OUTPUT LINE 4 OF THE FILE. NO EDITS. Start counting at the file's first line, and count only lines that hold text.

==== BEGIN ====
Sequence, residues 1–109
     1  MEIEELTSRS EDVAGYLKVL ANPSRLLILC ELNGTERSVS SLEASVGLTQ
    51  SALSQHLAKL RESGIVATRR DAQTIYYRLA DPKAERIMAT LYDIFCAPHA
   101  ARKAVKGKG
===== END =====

   101  ARKAVKGKG